States, Tribes, and Dam Owner Announce Agreement for Klamath River Dam Removal
By: Thomas O’Keefe
Governor Newsom, Oregon Governor Brown, Tribal Leaders and Klamath Dam Owner Announce Agreement to Advance Historic Salmon Restoration Plan
Last month, California Governor Gavin Newsom joined with Oregon Governor Kate Brown, leaders of the Yurok and Karuk Tribes, and Berkshire Hathaway-owned PacifiCorp in announcing an agreement to provide additional resources and support to advance the most ambitious salmon restoration effort in history. The project, when completed, will address declines in fish populations, improve river health, and renew Tribal communities and cultures.
The Memorandum of Agreement signed by the states of California and Oregon, the Yurok Tribe, the Karuk Tribe, PacifiCorp, and the Klamath River Renewal Corporation (KRRC) describes how the parties will implement the amended Klamath Hydroelectric Settlement Agreement (KHSA) as negotiated and signed in 2016. The KHSA sets the terms for the removal of four Klamath River dams.
With the Memorandum of Agreement, the parties:
• Jointly ask the Federal Energy Regulatory Commission (FERC) to remove PacifiCorp from the license for the project and add California, Oregon and KRRC as co-licensees for carrying out dam removal. Adding the states as co-licensees provides assurances that the project will have sufficient financial backing while honoring settlement terms that stipulate PacifiCorp would not be a co-licensee for removal.
• Demonstrate their firm commitment to dam removal.
• Agree to nearly double available contingency funds held by KRRC and contractors and, in the unlikely event that additional funds are needed beyond that, Oregon, California and PacifiCorp will share the costs equally to address FERC’s requirement to ensure full funding for the project.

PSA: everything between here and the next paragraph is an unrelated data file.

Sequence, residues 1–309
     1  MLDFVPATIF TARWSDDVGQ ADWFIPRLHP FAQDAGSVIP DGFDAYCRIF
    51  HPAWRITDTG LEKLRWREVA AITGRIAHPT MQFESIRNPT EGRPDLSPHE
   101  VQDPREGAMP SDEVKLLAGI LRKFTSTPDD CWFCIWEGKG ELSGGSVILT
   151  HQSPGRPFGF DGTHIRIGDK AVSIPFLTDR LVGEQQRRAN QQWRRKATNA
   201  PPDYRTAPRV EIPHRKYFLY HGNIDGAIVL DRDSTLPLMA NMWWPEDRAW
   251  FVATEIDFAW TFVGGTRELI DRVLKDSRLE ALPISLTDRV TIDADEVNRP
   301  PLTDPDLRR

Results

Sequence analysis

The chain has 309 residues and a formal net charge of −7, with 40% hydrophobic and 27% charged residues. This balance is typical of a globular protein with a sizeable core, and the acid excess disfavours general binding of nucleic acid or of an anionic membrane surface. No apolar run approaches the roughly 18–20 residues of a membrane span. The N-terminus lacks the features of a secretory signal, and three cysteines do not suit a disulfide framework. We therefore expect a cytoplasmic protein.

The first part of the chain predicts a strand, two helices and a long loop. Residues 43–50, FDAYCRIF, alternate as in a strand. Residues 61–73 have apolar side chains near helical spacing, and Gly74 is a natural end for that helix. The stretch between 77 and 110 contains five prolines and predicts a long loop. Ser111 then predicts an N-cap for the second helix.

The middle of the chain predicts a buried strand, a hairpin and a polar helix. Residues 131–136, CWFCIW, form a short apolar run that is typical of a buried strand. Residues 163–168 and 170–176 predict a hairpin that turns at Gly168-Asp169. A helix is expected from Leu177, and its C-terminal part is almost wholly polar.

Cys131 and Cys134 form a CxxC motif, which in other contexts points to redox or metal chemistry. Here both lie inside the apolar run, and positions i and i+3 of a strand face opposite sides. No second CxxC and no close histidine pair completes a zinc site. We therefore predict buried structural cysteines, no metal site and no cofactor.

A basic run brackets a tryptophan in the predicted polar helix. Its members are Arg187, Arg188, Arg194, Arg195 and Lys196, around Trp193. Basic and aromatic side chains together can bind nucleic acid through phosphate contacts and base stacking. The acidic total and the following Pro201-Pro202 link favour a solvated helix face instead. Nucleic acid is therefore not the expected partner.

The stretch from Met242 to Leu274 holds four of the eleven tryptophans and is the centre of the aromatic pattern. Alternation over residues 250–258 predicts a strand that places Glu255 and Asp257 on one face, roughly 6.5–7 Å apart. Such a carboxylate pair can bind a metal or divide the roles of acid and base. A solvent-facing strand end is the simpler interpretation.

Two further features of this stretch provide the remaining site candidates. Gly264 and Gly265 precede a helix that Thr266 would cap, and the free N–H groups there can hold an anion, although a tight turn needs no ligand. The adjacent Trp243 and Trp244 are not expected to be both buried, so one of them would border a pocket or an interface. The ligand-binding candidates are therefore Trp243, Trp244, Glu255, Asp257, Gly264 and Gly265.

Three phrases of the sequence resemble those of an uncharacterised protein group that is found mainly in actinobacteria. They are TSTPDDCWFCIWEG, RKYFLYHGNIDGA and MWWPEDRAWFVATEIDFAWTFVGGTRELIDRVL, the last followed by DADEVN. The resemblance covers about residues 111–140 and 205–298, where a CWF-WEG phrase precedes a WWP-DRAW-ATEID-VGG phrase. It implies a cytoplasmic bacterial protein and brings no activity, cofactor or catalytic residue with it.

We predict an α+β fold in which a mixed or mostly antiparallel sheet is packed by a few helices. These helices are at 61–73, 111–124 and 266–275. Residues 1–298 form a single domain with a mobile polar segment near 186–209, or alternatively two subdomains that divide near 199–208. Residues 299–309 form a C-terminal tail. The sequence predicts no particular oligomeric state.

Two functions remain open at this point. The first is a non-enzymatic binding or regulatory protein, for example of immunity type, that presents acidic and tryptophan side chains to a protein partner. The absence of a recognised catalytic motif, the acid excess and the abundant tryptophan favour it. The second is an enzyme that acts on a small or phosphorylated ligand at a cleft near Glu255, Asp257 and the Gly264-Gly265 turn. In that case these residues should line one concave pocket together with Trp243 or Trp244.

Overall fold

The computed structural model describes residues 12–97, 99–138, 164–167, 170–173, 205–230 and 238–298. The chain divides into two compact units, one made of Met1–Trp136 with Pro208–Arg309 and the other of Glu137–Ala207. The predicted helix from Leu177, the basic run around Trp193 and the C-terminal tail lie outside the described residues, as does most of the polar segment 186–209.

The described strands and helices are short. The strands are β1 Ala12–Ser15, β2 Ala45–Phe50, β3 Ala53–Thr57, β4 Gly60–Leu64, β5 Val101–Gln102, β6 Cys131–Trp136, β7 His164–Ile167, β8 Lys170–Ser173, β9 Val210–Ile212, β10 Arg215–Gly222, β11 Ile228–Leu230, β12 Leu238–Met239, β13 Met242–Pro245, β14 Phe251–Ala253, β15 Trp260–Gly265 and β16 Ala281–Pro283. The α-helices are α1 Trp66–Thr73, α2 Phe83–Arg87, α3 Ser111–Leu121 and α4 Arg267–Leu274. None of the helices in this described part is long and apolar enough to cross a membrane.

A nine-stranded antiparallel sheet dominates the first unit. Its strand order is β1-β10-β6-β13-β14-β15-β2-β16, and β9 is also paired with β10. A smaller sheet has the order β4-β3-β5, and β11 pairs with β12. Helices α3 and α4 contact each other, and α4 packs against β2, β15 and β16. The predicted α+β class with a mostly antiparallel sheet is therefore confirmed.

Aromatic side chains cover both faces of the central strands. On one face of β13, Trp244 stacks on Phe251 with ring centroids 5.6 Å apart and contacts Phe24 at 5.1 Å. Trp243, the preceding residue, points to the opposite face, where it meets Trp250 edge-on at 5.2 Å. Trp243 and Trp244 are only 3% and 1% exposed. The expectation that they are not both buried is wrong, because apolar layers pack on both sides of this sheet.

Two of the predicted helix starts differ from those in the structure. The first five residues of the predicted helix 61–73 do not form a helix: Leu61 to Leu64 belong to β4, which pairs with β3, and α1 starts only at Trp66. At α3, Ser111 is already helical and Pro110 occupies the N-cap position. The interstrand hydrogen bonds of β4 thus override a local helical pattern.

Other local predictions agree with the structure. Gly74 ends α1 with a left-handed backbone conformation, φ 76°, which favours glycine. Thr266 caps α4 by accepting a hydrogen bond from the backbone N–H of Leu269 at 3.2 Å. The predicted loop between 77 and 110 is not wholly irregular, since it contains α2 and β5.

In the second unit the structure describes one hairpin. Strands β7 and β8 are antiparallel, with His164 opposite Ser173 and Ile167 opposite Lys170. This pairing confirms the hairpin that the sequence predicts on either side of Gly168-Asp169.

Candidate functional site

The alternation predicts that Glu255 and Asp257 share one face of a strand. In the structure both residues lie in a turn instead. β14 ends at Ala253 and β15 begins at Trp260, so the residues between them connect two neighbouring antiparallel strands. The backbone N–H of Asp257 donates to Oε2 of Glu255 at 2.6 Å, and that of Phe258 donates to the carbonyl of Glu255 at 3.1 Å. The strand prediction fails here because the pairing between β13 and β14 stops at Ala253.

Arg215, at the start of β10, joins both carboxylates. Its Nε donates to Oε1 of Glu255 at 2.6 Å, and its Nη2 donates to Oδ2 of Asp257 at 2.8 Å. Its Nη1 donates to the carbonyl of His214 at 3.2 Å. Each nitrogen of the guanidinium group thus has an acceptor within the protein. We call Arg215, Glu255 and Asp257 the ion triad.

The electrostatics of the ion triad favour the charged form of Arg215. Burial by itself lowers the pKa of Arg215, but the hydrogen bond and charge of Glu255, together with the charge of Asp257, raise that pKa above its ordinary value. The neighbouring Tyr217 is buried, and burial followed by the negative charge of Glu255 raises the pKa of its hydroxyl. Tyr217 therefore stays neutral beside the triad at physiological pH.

• Confirm that the KRRC will remain the dam removal entity for the project.
• Plan to navigate the final regulatory approvals necessary to allow the project to begin in 2022 with dam removal in 2023. Site remediation and restoration will continue beyond 2023.
• Retain the liability protections for PacifiCorp’s customers established in the KHSA.
• Taken together, these provisions are intended to resolve FERC’s concerns raised in a July 2020 order and ensure a successful dam removal project.
Implementation of the amended KHSA requires two approvals by FERC. First, FERC must approve the transfer of the license for the dams from PacifiCorp to the KRRC and the states. Second, FERC must approve the dam removal plan.
American Whitewater is pleased to see this agreement come together ensuring that Klamath River Dam removal remains on track. Once the dams are removed, the Klamath will flow freely and unimpeded for more than 200 miles through California as it winds its way from the semi-arid eastern Cascade Mountains to the temperate rainforest of Redwood National Park where it enters the Pacific Ocean. The Klamath is a unique and large river—the second longest in California—and it is well-known for its salmon runs and fishery, recreational opportunities, and its deep cultural significance for multiple Native American Tribes. The Klamath River upstream of Copco Reservoir is designated as Wild Trout Waters by the California Department of Fish and Wildlife. All of California’s portion of the Klamath downstream from the reach that is currently blocked by PacifiCorp’s dams is part of both the state and federal Wild and Scenic Rivers System.
Over the past year American Whitewater and Upper Klamath River Outfitters Association participated in a recreational flow study to document the effects of dam removal on the recreational opportunities. Existing reservoir-based recreation opportunities will be lost when the dams are removed but will be replaced by entirely new and invaluable opportunities for high quality, river-oriented recreation. Our preliminary assessment (a formal report is pending) found that while some opportunities will no longer be available (e.g. mid-summer pulse flows on Hell’s Corner associated with hydropower operations), new opportunities to explore a restored river will become available. American Whitewater will continue our work with the states, Tribal communities, Klamath River Renewal Corporation, and federal regulators to ensure the public is able to enjoy and experience this restored river. New access facilities need to be planned and built at specific, strategic locations. Other existing access facilities will need to be modified and improved or replaced with facilities better designed for increased use and the changes in river flow patterns after the Klamath is unshackled from its dams.
This post first appeared on American Whitewater.